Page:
A woman on a low income with two children would lose almost her entire wage if she put her children in care in order to return to full-time work, according to new research.
The study by the National Centre for Social and Economic Modelling was commissioned by non-profit childcare giant Goodstart Early Learning, which is calling for increased subsidies to cover the cost of care.
It comes after the union representing childcare workers, United Voice, urged the federal government to maintain quality standards ahead of Tuesday's release of the Productivity Commission's draft report into the sector.
The NATSEM data found women on the minimum wage of $43,000 would be the most vulnerable to any reduction of the means-tested Child Care Benefit, or the Child Care Rebate, which is not means-tested, but capped at $7500 a year.
The figures show that a woman on $43,000 working full-time would retain 36 per cent of her income with one child in care, but that drops to just 1 per cent if she has two children in care.
A woman earning the average female income of $66,000 would keep 44 per cent of her income with one child in care, and 15 per cent with two children in care.
Goodstart Early Learning's advocacy manager, John Cherry, said the government made more in taxes and saved more family benefits payments than it spent in childcare subsidies when a parent returned to work.
"Increased investment in childcare assistance for low-income families will save the government many billions of dollars in the longer term and boost Australia's productivity and economic growth,'' he said.
NATSEM figures show that women with children in care pay $7 billion in taxes each year, exceeding the $6 billion paid towards childcare subsidies.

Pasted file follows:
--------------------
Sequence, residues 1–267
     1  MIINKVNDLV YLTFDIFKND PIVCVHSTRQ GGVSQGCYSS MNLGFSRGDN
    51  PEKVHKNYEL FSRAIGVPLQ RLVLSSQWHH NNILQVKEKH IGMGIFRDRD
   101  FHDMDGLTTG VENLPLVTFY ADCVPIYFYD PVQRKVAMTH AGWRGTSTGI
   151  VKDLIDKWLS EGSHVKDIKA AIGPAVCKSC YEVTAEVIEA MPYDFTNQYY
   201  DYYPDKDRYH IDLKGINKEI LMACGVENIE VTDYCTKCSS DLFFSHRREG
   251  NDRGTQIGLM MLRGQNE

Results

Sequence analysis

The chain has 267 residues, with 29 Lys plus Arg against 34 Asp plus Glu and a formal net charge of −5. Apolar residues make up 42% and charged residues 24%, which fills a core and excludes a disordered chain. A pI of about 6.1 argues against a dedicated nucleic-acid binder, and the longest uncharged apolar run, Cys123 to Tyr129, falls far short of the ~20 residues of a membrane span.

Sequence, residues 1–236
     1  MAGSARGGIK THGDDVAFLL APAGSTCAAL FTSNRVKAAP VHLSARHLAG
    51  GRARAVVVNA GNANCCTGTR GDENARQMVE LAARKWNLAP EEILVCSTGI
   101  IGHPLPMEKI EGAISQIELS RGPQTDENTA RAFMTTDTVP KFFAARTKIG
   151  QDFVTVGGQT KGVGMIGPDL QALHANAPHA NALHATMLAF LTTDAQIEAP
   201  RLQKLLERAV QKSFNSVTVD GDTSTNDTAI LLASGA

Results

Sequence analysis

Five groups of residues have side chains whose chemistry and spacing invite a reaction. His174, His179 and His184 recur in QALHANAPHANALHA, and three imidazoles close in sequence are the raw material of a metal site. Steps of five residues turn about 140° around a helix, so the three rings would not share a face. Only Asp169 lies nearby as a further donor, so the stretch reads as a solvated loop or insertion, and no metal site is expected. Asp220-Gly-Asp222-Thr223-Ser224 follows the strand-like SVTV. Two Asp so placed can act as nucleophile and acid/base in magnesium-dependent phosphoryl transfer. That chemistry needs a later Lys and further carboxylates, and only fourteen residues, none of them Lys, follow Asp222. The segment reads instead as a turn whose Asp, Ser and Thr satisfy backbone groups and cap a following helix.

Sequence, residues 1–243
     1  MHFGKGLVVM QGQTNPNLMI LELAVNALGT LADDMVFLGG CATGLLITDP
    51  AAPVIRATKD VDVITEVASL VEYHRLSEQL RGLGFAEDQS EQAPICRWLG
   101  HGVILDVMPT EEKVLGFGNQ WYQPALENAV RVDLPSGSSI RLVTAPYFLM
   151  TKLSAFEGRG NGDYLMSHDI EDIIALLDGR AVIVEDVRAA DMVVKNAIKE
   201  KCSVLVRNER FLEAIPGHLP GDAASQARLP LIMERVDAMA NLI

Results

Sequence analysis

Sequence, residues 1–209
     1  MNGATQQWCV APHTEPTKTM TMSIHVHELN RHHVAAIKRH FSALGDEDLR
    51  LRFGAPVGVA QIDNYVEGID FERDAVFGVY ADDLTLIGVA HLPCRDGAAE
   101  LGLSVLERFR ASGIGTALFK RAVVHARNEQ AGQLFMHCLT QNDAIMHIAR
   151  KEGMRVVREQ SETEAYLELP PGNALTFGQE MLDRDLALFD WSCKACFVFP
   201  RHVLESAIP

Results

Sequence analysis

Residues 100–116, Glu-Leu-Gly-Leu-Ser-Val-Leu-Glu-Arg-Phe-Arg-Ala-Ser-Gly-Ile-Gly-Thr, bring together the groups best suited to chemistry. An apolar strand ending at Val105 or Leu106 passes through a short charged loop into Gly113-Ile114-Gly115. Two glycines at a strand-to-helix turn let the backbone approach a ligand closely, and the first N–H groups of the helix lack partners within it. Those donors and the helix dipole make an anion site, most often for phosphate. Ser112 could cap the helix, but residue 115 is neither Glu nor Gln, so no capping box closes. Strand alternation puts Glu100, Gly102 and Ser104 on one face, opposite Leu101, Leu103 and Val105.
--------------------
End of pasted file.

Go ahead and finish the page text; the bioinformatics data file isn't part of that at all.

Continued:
Subsidies have not kept up with the cost of childcare over the past decade, with out-of-pocket expenses rising from 17.5 per cent of fees in 2004 to 25 per cent in 2014, or $28.60 a week.
Australian families have the highest out-of-pocket childcare costs of any country in the OECD.
"Australia's subsidies for childcare are well below those of most other developed countries," Mr Cherry said.
"This is contributing to our low level of female workforce participation and denying too many children from low-income households the opportunity to access quality early learning."
United Voice has also raised concerns about the potential erosion of quality under any reforms.
The Quality Matters survey of more than 1500 educators conducted by the union found that more than 90 per cent had either attained or were working towards a formal qualification, and the majority believed a roll-back of qualification requirements and adult-to-child ratios would damage the sector.
David O'Byrne, the union's acting national secretary, said any reforms should focus on improving the sector.
"Quality for children must be at the centre of all government decisions on early childhood education and care," he said. "Quality cannot be negotiable."
Jemma Carlisle, general manager of childcare at the University of NSW, said workers would leave the sector if quality was diminished.
"It's disappointing to think the current government would consider rolling back any improvements in the sector,'' she said.